by Horia Cristescu and Dan Bozaru
THE SQUARE (BHUPURA)
Between the simple geometrical elements that compose YANTRAS there is also the square (BHUPURA). The square is usually the exterior limit of the YANTRA and when seen as a symbol, it represents the element of earth (PRITHIVI TATTVA ).
Every YANTRA starts from the center, often marked by a central dot ( BINDU ) and ends with an outer square. This represents the sense of universal evolution, starting from the subtle and ending with the coarse, starting from “ether” and ending with “earth”.
Even though most of the time YANTRAS are composed of these simple geometrical shapes, sometimes other elements such as arrow points, tridents, swords, spikes are included in the design of a YANTRA with the purpose of representing vectors and directions for the YANTRIC energies in action.
THE LOTUS ( PADMA )
The lotus symbol (or its petals) is both a symbol of purity and variety. Every lotus petal represents a distinct aspect. The inclusion of a lotus in a YANTRA represents freedom from the multiple interferences of exterior (purity) and expresses the absolute force of the Supreme Self.
In conclusion, a YANTRA is a very complex spiritual instrument in one’s tantric practice ( SADHANA ). It can calm and focus the activities of the mind, and through its positive auto-suggestion it has a beneficial impact on the health and psychic well being of a person.
HOW TO USE YANTRAS
As we previously mentioned, the secret key to using YANTRAS in meditation is RESONANCE. The process of RESONANCE is established by mental focus on the image of the YANTRA.
As long as the mind is tuned into the specific mood associated to that YANTRA, the energy flows, but when the RESONANCE is stopped, the energy disappears.
INSTRUCTIONS FOR MEDITATING WITH A YANTRA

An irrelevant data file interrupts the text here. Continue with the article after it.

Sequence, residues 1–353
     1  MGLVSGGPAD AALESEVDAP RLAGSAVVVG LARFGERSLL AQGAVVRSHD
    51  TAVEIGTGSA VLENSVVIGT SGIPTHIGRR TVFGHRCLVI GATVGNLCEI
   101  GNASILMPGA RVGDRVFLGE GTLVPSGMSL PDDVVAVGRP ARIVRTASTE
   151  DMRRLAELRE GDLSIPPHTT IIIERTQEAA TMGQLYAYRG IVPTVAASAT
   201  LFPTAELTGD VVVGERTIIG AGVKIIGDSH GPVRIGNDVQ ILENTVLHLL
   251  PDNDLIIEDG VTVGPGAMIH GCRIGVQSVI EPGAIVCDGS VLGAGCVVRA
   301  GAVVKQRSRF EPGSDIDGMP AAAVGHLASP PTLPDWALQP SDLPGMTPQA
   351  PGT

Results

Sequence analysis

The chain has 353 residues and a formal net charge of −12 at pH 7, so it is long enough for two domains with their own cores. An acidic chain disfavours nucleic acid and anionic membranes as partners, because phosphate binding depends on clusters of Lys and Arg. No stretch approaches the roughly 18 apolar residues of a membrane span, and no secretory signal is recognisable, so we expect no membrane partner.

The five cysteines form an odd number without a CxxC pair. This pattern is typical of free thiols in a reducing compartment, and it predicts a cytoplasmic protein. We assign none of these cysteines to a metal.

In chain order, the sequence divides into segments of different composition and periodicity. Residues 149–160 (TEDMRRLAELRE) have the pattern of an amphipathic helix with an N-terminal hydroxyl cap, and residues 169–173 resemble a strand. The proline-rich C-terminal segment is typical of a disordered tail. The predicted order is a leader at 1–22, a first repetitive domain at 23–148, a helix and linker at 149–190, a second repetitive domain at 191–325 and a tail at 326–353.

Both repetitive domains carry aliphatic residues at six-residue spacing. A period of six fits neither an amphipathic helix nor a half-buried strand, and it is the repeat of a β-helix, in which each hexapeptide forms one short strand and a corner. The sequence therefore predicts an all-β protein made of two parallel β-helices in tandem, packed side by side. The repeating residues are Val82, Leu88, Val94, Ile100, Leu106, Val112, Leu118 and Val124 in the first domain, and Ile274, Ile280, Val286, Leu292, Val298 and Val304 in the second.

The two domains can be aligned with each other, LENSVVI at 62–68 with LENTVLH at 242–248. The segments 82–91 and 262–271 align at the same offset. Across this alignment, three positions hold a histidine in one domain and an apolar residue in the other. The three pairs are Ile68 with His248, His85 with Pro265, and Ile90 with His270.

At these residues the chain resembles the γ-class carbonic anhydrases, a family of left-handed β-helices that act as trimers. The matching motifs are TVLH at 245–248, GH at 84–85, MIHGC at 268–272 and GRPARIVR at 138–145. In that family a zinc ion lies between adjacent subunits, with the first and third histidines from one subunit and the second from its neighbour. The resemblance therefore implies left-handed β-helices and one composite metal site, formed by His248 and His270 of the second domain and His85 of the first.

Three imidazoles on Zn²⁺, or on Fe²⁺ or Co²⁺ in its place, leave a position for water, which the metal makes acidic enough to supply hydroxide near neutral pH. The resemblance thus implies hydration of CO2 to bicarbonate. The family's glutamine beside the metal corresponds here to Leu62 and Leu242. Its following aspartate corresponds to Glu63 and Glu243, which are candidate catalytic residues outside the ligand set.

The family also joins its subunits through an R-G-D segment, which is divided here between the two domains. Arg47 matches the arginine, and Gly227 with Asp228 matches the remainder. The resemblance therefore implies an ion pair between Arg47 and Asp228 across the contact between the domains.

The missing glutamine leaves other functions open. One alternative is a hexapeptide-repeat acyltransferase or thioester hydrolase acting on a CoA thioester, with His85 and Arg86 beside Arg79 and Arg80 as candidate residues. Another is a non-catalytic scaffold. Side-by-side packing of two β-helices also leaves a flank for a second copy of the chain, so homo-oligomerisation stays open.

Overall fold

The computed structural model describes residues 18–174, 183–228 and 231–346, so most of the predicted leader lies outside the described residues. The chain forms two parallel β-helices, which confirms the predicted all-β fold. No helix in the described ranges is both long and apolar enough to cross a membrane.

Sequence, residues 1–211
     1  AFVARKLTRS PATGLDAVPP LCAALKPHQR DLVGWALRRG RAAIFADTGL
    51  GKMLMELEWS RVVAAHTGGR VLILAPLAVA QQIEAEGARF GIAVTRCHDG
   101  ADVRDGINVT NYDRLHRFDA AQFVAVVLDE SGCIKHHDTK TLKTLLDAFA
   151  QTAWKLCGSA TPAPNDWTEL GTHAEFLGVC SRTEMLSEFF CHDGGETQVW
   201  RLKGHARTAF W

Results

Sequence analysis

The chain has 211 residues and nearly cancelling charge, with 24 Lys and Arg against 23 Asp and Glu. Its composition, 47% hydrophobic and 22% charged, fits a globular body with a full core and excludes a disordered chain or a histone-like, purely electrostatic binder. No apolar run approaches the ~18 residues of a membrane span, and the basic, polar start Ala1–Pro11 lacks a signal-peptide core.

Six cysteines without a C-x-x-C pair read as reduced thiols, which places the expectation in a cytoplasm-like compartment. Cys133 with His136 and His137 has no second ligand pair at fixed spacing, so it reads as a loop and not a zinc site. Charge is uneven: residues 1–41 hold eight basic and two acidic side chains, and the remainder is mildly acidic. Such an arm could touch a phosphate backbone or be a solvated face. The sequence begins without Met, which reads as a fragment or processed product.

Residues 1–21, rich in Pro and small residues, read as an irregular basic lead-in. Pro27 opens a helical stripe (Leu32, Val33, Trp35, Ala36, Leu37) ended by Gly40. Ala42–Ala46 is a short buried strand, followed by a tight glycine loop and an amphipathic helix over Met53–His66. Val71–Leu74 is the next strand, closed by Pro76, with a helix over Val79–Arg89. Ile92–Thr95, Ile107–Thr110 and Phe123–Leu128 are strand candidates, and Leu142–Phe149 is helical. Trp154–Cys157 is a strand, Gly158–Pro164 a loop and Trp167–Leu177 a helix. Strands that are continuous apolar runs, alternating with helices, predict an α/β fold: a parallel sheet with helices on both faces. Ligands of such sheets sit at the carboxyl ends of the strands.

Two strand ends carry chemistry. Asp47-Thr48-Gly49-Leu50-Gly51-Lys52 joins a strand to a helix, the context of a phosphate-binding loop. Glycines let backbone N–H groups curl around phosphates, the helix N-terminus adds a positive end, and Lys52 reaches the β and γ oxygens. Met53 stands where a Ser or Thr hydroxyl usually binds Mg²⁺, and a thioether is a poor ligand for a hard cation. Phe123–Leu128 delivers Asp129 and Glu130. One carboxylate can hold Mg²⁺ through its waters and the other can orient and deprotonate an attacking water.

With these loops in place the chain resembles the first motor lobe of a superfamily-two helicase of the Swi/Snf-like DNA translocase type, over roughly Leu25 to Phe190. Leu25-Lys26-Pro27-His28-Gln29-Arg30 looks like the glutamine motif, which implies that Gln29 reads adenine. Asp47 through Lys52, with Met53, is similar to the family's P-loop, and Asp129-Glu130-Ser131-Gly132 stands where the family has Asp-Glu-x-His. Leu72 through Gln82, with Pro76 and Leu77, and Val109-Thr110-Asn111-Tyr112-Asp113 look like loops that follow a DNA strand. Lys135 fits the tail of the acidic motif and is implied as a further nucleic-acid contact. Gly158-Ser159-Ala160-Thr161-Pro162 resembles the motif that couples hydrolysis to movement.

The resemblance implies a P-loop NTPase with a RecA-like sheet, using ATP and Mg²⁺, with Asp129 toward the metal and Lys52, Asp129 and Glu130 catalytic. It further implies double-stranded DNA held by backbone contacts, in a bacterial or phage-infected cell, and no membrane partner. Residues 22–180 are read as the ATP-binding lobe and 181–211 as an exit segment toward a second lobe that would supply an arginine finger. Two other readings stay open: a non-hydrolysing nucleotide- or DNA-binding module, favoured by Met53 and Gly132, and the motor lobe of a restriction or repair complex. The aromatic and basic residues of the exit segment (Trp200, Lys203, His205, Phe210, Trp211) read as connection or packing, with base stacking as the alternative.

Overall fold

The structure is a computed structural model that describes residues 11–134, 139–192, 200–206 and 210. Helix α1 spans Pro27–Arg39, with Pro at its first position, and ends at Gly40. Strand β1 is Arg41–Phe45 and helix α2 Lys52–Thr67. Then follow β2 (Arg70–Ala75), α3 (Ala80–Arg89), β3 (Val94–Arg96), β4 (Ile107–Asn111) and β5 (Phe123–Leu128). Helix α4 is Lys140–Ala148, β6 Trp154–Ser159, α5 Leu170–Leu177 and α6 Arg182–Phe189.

1. Hang the YANTRA on a wall facing North or East, placing the center of the YANTRA at the level of your eyes.
2. Adopt your favorite posture or, if you want, sit on a chair and keep your spinal column straight.
3. Breathe in through the nose and out through the mouth, but do not force yourself at all, just let the breath flow normally.
4. Look into the center of the YANTRA, blinking as rarely as possible; you don’t want to look at the particular details of the YANTRA, just keep your eyes focused in the center and observe the whole YANTRA at once.
This exercise should last at least 15-30 minutes every day; the experience will be indescribable.
In time, after at least seven days of YANTRA meditation you will be able to tap into the same yantric energy even without a YANTRA (at the beginning you may fix your sight on an exterior or imaginary point or evoke the YANTRA with your eyes closed).
Do not forget to consecrate the fruits of this exercise to God ( karma yoga ); you should not pursue any specific objective when doing YANTRA meditation, just let it gradually guide you towards the sublime energies of the macro cosmos.
When executing this technique it is recommended that you maintain a state of aspiration and intense longing in order to experience the beatific energies of the divine consciousness.
In superior phases the YANTRA absorbs the practitioner’s complete attention, and he can no longer tell if the YANTRA is within himself or if he is within the YANTRA; this is the state of non-duality.